Yesterday was a landmark day for animal activists in Australia as the New South Wales government announced the state-wide end of the greyhound racing industry. This was followed quickly by the ACT state government alluding to a similar ban.
Now, the RSPCA and animal welfare organisations are calling for a national ban of the sport.
This follows the exposure of the damaging levels of “wastage” as an inescapable part of the industry, as dogs are killed because they simply weren’t fast enough, along with the rampant levels of live-baiting – first exposed in an episode of Four Corners last year – and the socially secluded and cruel ways the dogs are kenneled.
The RSPCA has found that up to 13,000 to 17,000 greyhounds will never race and are euthanised every year.
In terms of eradicating live-baiting, RSPCA Australia Chief Scientist Dr Bidda Jones said welfare officers have long had issues catching violators and until recently there have been very few prosecutions of live baiting over the past ten years.
There are examples of inspectors going out to properties and seeing animals that may have been used for live baiting, but they’re unable to do anything.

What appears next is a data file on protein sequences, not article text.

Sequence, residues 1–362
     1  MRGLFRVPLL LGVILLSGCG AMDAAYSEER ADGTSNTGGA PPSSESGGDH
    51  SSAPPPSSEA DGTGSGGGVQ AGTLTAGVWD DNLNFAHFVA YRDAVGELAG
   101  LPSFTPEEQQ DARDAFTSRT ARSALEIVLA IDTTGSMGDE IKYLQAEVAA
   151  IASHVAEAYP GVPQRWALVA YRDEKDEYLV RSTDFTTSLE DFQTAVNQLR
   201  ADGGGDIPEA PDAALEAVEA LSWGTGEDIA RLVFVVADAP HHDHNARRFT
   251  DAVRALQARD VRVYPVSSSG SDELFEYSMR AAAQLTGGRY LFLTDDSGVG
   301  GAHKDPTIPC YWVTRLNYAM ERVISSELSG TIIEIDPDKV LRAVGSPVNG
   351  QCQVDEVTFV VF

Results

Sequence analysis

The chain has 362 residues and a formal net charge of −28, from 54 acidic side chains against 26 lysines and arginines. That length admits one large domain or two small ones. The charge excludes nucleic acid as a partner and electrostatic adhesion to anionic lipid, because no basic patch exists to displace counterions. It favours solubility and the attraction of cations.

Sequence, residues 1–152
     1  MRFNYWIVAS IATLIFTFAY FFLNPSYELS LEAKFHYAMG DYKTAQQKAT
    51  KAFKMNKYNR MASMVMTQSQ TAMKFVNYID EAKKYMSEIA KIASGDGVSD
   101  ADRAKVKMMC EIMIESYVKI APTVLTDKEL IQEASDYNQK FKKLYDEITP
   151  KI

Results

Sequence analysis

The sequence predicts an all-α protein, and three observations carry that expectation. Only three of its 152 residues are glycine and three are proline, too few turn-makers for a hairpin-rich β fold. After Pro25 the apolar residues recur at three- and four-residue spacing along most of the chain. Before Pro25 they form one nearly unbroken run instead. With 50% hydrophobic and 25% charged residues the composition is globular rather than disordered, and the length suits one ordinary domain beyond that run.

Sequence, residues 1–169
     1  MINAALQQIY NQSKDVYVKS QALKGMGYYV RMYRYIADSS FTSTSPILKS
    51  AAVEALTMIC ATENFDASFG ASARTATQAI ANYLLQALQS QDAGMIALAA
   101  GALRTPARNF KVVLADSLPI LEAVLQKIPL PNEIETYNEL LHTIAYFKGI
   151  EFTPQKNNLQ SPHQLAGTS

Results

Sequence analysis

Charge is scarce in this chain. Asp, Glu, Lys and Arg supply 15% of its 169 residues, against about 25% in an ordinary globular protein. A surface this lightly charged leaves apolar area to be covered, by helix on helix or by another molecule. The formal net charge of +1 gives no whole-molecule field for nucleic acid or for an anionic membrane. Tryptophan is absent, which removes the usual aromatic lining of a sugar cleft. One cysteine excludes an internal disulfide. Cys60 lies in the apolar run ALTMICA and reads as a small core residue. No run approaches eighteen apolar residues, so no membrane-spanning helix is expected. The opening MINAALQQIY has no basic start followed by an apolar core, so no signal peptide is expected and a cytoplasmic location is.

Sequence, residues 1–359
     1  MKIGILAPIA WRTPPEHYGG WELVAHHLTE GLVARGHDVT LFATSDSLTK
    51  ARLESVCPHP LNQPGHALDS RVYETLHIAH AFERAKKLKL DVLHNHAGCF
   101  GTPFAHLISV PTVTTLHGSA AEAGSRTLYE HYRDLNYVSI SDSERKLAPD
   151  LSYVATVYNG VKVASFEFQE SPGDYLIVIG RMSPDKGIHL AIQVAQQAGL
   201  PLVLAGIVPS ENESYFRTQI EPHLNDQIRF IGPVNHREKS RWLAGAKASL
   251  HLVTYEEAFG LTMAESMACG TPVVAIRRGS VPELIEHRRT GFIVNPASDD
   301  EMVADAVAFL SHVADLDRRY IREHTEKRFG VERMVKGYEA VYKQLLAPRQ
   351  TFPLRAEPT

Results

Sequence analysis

Instead of focusing solely on live-baiting, the RSPCA’s other concern is how the dogs are treated off the track. Racing is actually a very small portion of their time. The conditions in which they are bred, reared and kennelled, for trainers with several dogs – some have over 20 dogs – the life of a greyhound is in a single pen, on a sleeping platform with a bowl of water.
Full statement from the ACT government. Greyhound racing will be banned in Canberra. pic.twitter.com/ugLpTbgjUG
— Henry Belot (@Henry_Belot) July 7, 2016
Animals Australia have been the loudest voice in calling for an end to the sport, and the conditions the dogs live in is one their main concerns. Each state is different and there is a code of practice that provides the standards on how dogs can live.
Just one example, is that greyhounds only have to be let out of their cages twice a day for 10 minutes each time, which shows the level of confinement and deprivation that some dogs live in.
This is sadly what happens when we put money and profit ahead of the welfare of animals.
— Animals Australia (@AnimalsAus) July 7, 2016
Animal Liberation Queensland (ALQ) was one of the leading organisations involved with uncovering the Four Corners live-baiting footage.
Their major problem is the difficulty regulating the industry, the mass-breeding and mass-killing of dogs every year, and that the dogs are getting injured while they’re racing. The organisation has long-supported a ban on the entire industry.
Since Baird’s announcement, some have said that the closure of the sport won’t only lead to thousands of jobs lost, but the death of dogs, with too many to rehome.
While greyhounds rescue groups, shelter groups and shelter organisations will do all they can do to find homes for as many dogs as they can, the sad reality is that many dogs will be killed.